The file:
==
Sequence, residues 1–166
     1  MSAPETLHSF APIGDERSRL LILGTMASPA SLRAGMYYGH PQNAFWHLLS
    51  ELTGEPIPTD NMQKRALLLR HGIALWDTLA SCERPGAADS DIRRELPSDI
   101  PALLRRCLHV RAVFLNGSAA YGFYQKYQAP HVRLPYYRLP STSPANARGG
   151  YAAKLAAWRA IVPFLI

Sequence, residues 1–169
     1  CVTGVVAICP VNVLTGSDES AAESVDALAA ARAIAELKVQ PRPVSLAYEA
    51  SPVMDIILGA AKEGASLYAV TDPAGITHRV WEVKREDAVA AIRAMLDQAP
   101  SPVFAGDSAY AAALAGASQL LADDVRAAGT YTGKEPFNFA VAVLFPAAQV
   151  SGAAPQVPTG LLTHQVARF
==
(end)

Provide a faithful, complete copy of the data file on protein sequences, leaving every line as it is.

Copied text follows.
Sequence, residues 1–166
     1  MSAPETLHSF APIGDERSRL LILGTMASPA SLRAGMYYGH PQNAFWHLLS
    51  ELTGEPIPTD NMQKRALLLR HGIALWDTLA SCERPGAADS DIRRELPSDI
   101  PALLRRCLHV RAVFLNGSAA YGFYQKYQAP HVRLPYYRLP STSPANARGG
   151  YAAKLAAWRA IVPFLI

Sequence, residues 1–169
     1  CVTGVVAICP VNVLTGSDES AAESVDALAA ARAIAELKVQ PRPVSLAYEA
    51  SPVMDIILGA AKEGASLYAV TDPAGITHRV WEVKREDAVA AIRAMLDQAP
   101  SPVFAGDSAY AAALAGASQL LADDVRAAGT YTGKEPFNFA VAVLFPAAQV
   151  SGAAPQVPTG LLTHQVARF